One day each week I am heading out into local communities to find out more about children’s health care in Malawi. Around this area there are a network of “under 5s clinics” which offer weight monitoring and vaccination services. These clinics are equivalent to our “well baby” clinics in the UK. I was involved in the provision of children’s health care for many years as part of my work as a nurse practitioner (both well baby clinics and consultations for unwell children), and now offer newborn health examinations and advice to families in the early days of their family life.

Here in Malawi, one of the major threats to a child’s life is malnutrition By encouraging mothers (it is always the mothers) to bring their children to a monthly clinic, staff can identify those who need to be reviewed and who may benefit from a supplementary feeding programme. The way babies and children are weighed is rather different to what I am used to. The shear number of children is astonishing- on Friday morning we vaccinated more than 100 babies!
Weighing babies A sling balance scale, hung from the rafters by dried banana leaves, suspending the child over a concrete floor makes me think that health and safety might be a good thing after all! Babies are usually wrapped in the chitenge that is used to carry them everywhere, with the hook of the scales threaded through a knot in it. Older children are told to hold the hook and simply hang there.

The range of vaccines as a routine part of children’s health care is wider than those offered routinely in the UK. A few families choose not to attend to have their baby vaccinated, and disease outbreaks occur as a result. This week one of my fellow volunteers has seen several people (children and adults) with measles, a condition she is very unlikely to see in her work in the UK because of our high levels of vaccination and the general health and nutritional status of the population. It is easy for us to assume that because we don’t see conditions like this that they have disappeared, or that they are not serious health problems. For many people, infection with measles is indeed a mild and self limiting illness, but for others it can have very serious consequences, including permanent brain damage, sight loss and death. More information here

A vaccine that has recently been added to the routine children’s health care in Malawi is malaria vaccine. Following a pilot study in 2019, the vaccine is now a routine addition here for babies, whilst scientists continue to monitor its effectiveness and study the duration of immunity offered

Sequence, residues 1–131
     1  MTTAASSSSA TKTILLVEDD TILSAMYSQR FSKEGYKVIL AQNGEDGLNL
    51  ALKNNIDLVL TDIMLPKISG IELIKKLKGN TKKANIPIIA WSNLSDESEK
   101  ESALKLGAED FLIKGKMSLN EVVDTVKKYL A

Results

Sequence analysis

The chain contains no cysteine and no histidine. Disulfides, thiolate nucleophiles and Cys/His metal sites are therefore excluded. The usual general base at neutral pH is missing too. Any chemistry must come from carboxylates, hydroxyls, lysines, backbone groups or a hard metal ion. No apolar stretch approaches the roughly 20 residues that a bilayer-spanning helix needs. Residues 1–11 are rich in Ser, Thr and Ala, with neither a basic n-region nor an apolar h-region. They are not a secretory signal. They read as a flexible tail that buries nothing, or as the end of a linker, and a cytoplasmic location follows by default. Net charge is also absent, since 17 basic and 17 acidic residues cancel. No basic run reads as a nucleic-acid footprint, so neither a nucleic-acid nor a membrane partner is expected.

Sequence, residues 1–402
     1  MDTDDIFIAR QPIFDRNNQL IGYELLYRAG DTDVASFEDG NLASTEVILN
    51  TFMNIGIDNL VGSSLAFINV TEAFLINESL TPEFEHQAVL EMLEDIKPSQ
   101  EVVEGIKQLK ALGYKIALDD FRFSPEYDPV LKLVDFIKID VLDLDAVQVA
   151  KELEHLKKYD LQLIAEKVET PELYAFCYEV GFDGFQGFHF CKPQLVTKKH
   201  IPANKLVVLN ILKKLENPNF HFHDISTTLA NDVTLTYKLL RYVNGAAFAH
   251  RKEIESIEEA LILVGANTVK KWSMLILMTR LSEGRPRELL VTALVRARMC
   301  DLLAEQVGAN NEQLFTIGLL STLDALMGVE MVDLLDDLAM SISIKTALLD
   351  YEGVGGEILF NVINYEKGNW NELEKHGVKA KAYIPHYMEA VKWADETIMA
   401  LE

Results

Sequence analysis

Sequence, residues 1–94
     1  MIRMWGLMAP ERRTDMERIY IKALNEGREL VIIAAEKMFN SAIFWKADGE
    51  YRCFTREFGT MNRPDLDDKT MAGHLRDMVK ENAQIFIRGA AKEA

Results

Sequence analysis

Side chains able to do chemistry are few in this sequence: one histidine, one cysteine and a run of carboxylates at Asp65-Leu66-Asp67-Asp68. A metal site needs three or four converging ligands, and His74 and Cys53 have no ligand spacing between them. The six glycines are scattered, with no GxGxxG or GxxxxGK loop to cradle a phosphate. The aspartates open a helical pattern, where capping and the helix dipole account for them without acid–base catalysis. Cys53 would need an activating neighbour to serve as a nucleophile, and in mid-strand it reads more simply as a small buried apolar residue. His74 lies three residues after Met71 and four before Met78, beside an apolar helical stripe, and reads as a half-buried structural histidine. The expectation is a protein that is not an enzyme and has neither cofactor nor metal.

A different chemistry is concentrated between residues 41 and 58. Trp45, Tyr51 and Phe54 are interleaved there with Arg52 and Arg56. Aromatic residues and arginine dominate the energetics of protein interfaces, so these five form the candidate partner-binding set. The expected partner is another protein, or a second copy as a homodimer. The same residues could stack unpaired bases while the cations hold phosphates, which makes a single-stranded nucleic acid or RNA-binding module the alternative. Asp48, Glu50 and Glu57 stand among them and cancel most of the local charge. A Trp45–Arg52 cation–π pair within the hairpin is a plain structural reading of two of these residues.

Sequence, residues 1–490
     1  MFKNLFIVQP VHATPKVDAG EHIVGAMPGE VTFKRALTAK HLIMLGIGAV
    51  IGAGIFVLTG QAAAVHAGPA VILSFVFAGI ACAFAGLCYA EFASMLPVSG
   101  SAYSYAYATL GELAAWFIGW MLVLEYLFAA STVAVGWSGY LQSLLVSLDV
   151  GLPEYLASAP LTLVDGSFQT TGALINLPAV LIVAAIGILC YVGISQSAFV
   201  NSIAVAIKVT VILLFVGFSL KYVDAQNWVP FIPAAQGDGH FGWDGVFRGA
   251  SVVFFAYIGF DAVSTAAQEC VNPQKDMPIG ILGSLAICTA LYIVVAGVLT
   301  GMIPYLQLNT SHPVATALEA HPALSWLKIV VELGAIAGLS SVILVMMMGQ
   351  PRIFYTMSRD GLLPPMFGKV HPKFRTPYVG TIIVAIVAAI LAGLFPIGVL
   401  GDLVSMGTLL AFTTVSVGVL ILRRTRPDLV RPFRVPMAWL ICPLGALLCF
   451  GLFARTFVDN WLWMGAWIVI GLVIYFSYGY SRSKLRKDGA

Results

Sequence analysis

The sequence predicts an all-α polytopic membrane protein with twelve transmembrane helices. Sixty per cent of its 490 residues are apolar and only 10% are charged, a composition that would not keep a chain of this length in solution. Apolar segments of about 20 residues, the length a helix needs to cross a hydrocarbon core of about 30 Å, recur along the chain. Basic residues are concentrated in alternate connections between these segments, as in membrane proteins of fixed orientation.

Malaria is a huge problem in Malawi. At every hospital and clinic I have visited malaria is by far the biggest single issue causing ill health, and takes the majority of health care workers time (for testing, assessment and care provision). Strategies for reducing malaria prior other than vaccination are the prevention of bites (bed nets and insect repellent), prophylactic use of anti malaria tablets and attempts to reduce the population of mosquitoes (house spraying, draining stagnant water etc). Each of these interventions is challenging. I have a net surrounding my bed, and apply liberal amounts of insect repellent. Even with those I have still been bitten at times. I am fortunate to have been able to afford to buy both insect repellent and anti malaria tablets, but for most of the local population that is not a financial possibility. Pregnant women are given a bed net and advised the importance of protecting them and their babies. Sadly many bed nets are put to an alternative use as a fishing net. Due to the size of the mesh, these nets catch immature fish and so an unintended consequence of adversely impact on fish stock has arisen. This an issue that Ripple Africa have been working to address

I was astonished that at the hospital there are no mosquito nets over the beds. By definition many of the patients in hospital are particularly vulnerable, and it seemed very strange to be telling women about the importance of nets and why they should use one at home, but then in hospital they are not in use. On enquiring about this, I was told that the use of nets in hospital is “not allowed” because they will collect dust and so are an infection risk……Sometimes I don’t know whether to laugh or cry…..I fear that this may be yet another example (I am seeing many) of well meaning visitors from other countries making assumptions and imposing principles and practices that work in their home country, but without fully understanding or full consideration of local issues . It is such a challenging line to tread when we visit a place with such different issues and cultural norms. Unintended consequences of well meant aid or interventions is wasteful of time and resources and can be directly harmful. I will continue to think about this and will, no doubt, write more in the future. In terms of the malaria vaccine, I initially felt excited that I was part of the children’s health care programme to help protect babies from malaria infection. I am however starting to think about the consequences- for the individual of course it is good if severe malaria is prevented, but over time the consequent population increase will have other effects. One of my hopes would be that the amount of healthcare time and resources freed up if malaria is massively reduced can be targeted towards education of the population about the benefits of controlling the population size and providing contraceptive services.

1 Comment

  • Posted November 12, 2023
    by Yok

    Angie , each one of your blogs gives much for me to think about, The unintended consequences of well meaning actions/research opens up many moral and ethical dilemmas. The more I read about your experiences in Malawi , the more I appreciate our NHS and hope we can secure its future. thanks with love and respect x

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